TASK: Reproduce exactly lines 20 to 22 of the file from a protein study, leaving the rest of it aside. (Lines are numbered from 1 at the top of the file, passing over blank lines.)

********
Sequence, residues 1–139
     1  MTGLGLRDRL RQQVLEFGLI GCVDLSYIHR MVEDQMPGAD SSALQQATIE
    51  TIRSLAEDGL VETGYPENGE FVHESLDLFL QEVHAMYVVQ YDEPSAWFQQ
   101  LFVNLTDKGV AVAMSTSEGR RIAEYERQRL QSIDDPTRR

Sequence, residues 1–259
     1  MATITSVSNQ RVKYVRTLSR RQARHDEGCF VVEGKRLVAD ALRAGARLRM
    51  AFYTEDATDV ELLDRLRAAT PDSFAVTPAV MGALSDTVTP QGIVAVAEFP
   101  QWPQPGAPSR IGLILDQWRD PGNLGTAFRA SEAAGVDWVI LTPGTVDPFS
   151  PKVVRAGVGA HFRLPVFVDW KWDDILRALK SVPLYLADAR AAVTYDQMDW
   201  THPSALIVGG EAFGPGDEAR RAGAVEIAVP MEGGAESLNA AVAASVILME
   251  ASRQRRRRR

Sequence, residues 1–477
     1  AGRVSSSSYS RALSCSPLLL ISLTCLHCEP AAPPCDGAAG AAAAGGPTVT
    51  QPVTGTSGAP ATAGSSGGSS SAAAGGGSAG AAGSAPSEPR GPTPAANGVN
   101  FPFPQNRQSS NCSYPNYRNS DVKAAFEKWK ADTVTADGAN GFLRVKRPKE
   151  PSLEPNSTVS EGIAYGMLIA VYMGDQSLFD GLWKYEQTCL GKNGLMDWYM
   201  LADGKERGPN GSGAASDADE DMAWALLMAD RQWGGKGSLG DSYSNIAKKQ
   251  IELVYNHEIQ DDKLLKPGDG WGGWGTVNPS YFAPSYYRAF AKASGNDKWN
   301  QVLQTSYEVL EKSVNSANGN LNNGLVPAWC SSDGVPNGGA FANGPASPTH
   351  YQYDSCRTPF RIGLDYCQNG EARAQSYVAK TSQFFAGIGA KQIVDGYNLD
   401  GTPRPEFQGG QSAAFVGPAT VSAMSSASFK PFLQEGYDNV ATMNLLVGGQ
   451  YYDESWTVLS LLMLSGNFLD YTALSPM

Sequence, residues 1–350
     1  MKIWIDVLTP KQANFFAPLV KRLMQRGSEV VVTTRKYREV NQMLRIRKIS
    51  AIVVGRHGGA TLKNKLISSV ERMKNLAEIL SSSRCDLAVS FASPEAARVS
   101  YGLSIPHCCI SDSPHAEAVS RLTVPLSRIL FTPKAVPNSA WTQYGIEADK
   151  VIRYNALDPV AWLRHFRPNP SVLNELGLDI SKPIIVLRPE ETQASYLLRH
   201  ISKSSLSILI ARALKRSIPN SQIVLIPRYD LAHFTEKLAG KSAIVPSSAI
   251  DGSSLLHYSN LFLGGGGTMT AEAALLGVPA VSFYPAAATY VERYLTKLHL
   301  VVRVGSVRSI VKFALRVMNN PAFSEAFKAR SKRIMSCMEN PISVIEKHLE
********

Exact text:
   351  YQYDSCRTPF RIGLDYCQNG EARAQSYVAK TSQFFAGIGA KQIVDGYNLD
   401  GTPRPEFQGG QSAAFVGPAT VSAMSSASFK PFLQEGYDNV ATMNLLVGGQ
   451  YYDESWTVLS LLMLSGNFLD YTALSPM